Imagine this – the penultimate scene in Avengers 4: Endgame is of a weary and dust-battered Captain America standing alone against Thanos, facing down defeat and the destruction of the world once again. Suddenly a fiery portal opens next to him and in steps Black Panther. Slowly but surely, more portals appear until all the heroes are standing quietly next to Captain America.
Cap. looks directly ahead and mutters the iconic words “Avengers Assemble” (Audience ROAR). And the rest is history – Thanos is defeated and the earth is safe once more. Yay!
You may be wondering what on earth Captain America and the Avengers have to do with creating a sales management strategy – let me tell you.
I can do this all day: Creating a sales management strategy
Effective sales teams need a developed strategy in place for managing sales. They do this by considering three things:
- Operations – how they create, educate, and develop their current sales force.
- Sales strategy – how the sales funnel or pipeline is developed for an effective sales cycle.
- Analytics – how they gather insights and use those insights to improve their team’s performance.
In Avengers, Cap couldn’t have defeated the enemy without the right team, the right strategy (thanks Dr. Strange for the discovery and pre-planning, and Ironman for the execution), and the right approach to monitoring what didn’t work last time (reactive brute force) versus a more considered approach (go back in time and get the tools/stones you need to defeat the problem).
In sales, it’s a similar thing for sales managers. Building a sales management strategy that encourages cross-collaboration and effective evaluation of the sales cycle ensures that your team will crush their targets and quickly adapt in this competitive landscape.
Hiring the right sales professionals with the correct balance of assertiveness coupled with sales intelligence and clear expectations for performance is a recipe for success as is using the right tool for monitoring performance.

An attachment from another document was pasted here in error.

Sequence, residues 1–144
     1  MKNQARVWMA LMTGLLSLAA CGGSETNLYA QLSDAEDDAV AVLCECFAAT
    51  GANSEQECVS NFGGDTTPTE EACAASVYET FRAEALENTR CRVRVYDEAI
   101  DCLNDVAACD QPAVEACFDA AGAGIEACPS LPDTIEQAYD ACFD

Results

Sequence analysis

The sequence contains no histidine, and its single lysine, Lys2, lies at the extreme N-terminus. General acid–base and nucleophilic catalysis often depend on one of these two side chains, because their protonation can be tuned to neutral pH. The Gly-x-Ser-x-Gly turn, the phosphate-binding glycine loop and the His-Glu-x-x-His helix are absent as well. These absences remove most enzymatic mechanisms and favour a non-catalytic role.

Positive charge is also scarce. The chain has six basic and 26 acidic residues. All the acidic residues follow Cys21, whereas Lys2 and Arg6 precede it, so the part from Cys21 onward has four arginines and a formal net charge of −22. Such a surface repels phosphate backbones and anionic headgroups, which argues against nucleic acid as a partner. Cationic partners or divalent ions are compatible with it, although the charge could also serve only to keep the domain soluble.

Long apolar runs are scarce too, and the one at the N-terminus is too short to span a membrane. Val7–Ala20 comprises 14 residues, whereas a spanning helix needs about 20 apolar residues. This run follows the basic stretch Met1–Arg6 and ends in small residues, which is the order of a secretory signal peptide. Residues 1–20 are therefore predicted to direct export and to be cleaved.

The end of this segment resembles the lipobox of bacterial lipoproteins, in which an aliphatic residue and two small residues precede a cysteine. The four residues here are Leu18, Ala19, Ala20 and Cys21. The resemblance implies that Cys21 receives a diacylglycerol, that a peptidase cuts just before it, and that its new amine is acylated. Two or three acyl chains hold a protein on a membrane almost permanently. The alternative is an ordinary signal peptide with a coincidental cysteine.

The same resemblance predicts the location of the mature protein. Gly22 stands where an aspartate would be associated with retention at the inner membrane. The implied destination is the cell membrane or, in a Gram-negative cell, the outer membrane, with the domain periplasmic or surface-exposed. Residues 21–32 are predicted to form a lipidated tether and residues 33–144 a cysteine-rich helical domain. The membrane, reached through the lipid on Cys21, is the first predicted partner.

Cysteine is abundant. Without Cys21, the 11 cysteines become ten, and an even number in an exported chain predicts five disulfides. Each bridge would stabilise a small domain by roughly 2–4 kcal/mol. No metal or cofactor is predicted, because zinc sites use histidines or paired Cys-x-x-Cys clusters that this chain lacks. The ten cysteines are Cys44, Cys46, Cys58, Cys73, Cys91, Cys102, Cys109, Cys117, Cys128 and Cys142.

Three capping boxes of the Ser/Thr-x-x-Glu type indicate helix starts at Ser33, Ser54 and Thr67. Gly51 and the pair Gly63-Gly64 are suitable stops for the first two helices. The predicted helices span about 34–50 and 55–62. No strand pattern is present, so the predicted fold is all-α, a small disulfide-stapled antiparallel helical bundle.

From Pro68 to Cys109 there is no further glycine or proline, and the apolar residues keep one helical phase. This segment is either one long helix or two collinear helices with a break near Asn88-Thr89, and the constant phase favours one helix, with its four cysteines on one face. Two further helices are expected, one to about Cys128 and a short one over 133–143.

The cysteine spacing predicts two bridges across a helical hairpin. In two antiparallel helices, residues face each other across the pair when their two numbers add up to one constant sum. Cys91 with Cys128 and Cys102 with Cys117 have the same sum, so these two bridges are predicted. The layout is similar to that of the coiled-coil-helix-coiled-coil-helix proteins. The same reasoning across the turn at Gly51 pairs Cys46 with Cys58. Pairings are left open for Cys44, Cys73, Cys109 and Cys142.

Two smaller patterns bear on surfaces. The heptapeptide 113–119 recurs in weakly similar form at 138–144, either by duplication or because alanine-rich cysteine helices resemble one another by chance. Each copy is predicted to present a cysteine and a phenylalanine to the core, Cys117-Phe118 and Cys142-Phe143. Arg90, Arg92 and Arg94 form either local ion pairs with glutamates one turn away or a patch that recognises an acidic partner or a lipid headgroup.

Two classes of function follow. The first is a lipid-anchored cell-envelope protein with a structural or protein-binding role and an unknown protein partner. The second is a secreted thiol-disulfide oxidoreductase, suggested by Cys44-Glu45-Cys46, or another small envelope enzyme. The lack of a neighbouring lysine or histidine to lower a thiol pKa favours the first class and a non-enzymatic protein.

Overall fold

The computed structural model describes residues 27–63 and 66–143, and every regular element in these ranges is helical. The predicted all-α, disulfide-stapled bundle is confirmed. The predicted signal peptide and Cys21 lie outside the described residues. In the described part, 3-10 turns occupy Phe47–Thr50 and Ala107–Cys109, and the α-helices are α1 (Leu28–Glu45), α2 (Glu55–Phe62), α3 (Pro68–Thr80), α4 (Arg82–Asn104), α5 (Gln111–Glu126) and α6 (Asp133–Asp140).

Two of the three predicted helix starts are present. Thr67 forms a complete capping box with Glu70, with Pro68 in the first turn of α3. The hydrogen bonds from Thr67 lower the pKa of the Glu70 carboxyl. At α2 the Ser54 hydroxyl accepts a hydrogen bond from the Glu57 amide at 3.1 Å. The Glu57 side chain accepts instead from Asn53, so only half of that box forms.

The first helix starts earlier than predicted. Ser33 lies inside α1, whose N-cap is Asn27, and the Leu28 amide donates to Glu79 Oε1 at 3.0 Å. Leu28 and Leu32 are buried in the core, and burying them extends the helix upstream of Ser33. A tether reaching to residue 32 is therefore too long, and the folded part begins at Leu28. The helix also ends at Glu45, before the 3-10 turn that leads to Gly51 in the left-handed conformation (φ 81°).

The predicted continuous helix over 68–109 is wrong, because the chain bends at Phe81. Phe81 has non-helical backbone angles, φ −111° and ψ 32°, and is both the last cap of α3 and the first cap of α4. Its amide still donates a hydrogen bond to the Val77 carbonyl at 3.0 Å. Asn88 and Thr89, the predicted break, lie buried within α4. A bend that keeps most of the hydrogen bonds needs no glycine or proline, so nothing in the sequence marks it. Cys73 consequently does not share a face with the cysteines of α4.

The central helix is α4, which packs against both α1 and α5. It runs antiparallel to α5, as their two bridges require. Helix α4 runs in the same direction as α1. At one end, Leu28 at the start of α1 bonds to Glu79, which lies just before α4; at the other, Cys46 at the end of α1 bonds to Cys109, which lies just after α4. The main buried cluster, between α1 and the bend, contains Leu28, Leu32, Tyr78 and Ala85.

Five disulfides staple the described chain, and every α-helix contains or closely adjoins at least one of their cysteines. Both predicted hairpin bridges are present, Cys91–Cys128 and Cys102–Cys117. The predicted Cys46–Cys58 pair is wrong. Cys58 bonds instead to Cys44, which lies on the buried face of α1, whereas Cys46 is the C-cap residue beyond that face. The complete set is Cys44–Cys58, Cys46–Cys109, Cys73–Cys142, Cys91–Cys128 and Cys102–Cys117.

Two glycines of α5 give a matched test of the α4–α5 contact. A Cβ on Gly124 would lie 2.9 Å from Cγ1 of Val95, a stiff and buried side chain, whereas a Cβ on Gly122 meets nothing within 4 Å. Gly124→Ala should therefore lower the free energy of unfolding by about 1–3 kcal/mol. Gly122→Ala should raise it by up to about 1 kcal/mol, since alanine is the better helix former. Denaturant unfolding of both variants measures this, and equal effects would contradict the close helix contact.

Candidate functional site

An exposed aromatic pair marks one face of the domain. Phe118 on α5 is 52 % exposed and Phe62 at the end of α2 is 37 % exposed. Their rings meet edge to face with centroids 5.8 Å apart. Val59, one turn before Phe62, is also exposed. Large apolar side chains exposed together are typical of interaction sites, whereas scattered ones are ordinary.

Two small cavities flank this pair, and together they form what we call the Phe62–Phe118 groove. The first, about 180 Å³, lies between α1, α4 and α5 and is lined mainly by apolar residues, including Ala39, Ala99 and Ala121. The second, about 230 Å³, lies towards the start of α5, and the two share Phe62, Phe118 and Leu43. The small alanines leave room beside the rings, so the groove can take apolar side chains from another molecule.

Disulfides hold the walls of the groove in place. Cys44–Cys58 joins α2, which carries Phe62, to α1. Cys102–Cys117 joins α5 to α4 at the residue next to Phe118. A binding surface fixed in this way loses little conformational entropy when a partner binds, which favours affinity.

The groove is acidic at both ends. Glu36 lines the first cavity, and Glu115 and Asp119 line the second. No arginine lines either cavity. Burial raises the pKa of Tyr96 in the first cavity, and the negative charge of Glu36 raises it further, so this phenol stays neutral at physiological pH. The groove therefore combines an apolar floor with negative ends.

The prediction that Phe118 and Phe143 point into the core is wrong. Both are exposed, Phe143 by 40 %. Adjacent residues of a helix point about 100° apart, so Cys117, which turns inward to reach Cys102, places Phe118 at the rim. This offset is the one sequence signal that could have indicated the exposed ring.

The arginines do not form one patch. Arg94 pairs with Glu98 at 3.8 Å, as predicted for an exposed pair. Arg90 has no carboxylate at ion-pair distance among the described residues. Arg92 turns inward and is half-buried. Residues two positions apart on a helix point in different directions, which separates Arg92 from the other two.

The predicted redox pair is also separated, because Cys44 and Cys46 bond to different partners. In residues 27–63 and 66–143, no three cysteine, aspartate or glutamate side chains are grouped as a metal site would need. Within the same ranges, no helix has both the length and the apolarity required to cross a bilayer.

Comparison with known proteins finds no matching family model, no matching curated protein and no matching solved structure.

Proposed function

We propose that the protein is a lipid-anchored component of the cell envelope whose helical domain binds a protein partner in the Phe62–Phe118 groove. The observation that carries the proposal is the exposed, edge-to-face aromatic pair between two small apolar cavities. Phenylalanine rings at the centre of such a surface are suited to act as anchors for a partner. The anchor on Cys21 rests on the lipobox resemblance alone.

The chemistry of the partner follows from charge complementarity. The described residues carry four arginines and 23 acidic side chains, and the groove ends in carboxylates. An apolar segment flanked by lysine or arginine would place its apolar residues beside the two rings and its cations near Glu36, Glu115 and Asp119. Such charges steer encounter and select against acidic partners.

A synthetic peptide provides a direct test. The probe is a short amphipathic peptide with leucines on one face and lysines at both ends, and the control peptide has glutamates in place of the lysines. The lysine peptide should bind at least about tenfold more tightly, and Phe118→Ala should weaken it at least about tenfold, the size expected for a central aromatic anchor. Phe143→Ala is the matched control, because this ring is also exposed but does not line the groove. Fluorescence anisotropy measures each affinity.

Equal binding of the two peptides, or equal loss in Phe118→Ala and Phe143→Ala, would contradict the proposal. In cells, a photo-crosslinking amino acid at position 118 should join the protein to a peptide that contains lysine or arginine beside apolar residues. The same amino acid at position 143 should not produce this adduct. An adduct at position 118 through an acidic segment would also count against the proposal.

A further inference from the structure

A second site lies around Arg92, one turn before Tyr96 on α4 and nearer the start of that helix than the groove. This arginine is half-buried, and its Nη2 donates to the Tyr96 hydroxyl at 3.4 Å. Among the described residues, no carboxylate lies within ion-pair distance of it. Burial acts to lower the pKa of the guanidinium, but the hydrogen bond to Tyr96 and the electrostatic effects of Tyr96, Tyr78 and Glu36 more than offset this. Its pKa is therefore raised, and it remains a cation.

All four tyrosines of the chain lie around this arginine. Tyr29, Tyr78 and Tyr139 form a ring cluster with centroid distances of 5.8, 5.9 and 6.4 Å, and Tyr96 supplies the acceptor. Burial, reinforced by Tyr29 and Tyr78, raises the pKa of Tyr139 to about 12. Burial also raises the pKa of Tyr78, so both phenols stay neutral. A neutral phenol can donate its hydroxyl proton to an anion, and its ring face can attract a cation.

What successful sales teams do
A sales funnel is the marketing term for the journey potential customers go through on the way to purchase. There are several steps to a sales funnel, usually known as the top, middle, and bottom of the funnel, although these steps may vary depending on a company’s sales model.
Creating a sales funnel that works to enable your team to do their job effectively is critical, so they can support the customer and keep them from dropping out of the buying journey. You don’t want to miss a sale due to a poorly developed pipeline.
Sales managers need to identify targeted activities that encourage prospects to become customers for life, not just focus on the quick win. Technology can certainly facilitate this; using the right CRM (Customer Relationship Management System) can also pay dividends down the line.
The endgame: Monitoring efforts and optimizing results
The use of metrics and analytics data is vital to creating a sales management strategy and understanding what went wrong, what went well, and where your team can improve. Consider using a tool that measures the following:
- Number of deals in your funnel
- Average size of a deal in your funnel
- Close ratio, or average percentage of deals that get won
- Sales velocity, or average deal lifetime before it is won
Breaking these down further you can look at retentions, conversions, and how these relate to increasing revenue at the end of the sales pipeline.
It’s worth noting that it can take a number of weeks from signing a contract to closing a deal, so the team needs to know how to nurture prospects and continue to generate leads so they always have something to close on. Accurately recording interactions and devising a guided strategy from these interactions mean you have a responsive way to monitor growth and change course where necessary.
The best sales teams will have a comprehensive sales management strategy in place, the right team to execute that strategy, and a thoughtful approach to reviewing their success finding, winning, and keeping customers. It’s about winning the battle, getting up again and again, to ultimately win the war.